Bell Wasatch Enduro
I didn’t know what to expect as I boarded the Cabriolet on Saturday morning, making my way up to the village to work the Bell Wasatch Enduro. The race itself, featuring the Enduro format, sounded too good to be true. Six total stages: Three climbing and three descending. The three descending stages are timed. The climbing stages, while not timed, have a cut off. Sounds easy enough, right? Maybe. But if you think that you’re probably forgetting that to be competitive, speeds upwards of 35 mph are required on the downhill. You’re probably forgetting that over the course of a six hour race, the winning times are usually in the 20-30 minute range. Every line choice, pedal stroke, and touch of the brake has an impact. You’re also probably forgetting that while you are going downhill, “racing” a bike is much different than “riding” a bike. It’s physically tiring. It’s mentally taxing. It’s about details and focus.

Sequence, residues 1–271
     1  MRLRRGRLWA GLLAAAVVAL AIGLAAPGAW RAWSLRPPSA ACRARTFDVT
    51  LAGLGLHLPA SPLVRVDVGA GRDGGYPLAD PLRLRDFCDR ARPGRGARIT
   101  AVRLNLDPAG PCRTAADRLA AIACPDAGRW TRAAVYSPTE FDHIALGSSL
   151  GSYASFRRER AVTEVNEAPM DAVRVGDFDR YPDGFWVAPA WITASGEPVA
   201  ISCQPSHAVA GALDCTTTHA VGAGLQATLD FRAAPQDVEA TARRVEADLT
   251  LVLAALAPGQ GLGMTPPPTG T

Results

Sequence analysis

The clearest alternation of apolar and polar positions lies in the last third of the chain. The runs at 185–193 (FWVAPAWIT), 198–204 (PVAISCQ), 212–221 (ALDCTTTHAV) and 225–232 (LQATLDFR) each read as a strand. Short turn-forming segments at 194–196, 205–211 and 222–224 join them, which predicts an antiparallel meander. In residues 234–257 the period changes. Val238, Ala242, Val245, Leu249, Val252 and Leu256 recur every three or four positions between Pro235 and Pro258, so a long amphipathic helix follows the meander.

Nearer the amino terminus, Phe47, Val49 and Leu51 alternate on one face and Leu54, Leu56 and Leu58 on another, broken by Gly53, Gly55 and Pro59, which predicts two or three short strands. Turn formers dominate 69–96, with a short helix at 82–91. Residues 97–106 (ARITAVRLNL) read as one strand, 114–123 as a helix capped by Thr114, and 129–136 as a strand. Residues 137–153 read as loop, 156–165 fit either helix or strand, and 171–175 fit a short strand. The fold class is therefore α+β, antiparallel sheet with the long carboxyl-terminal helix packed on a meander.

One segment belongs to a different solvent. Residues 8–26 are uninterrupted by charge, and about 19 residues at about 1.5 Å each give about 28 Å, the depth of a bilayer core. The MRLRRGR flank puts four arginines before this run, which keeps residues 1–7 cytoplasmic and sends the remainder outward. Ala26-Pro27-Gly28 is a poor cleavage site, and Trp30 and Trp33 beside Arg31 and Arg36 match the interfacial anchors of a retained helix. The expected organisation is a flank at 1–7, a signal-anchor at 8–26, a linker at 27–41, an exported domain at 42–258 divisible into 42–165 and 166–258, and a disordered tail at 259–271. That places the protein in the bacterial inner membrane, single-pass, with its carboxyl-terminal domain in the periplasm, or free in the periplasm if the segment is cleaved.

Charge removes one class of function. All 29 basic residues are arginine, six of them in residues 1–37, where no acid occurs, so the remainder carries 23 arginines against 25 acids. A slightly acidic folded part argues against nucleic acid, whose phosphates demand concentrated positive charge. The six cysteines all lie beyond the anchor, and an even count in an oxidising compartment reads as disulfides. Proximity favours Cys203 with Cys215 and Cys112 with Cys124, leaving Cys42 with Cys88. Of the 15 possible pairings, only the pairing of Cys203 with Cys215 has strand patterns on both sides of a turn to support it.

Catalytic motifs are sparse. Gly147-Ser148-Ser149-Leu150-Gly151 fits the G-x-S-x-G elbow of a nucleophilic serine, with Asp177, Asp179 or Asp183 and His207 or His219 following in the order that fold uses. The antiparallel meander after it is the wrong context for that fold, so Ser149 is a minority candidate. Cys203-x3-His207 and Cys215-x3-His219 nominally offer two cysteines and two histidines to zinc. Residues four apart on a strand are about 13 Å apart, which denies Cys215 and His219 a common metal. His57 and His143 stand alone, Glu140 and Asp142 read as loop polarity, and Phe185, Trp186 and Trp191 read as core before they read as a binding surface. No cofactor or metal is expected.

You might also think that it’s about having the “right” bike, kind of like when you were younger and thought new basketball shoes could make you jump higher. But after watching the Enduro, I realized that this isn’t the case at all. From hardtails to downhill bikes, the only thing more impressive than the mix of bikes that hit the trails was the variety of people on those bikes. And that, folks, is the beauty of Enduro. It’s not about the bike. It’s about the person on the bike.
Those people that I’m talking about, the nearly 200 riders, are the ones who made the Bell Wasatch Enduro a memorable event. They came. They rode. They conquered the course. And then they drank beers and told stories that may or may not be true. Here’s a look at some of the action.
Looking for more photos? You can find the goods on the Canyons Bike Park Facebook page.
Looking for results? Check the Bell Wasatch Enduro Facebook page.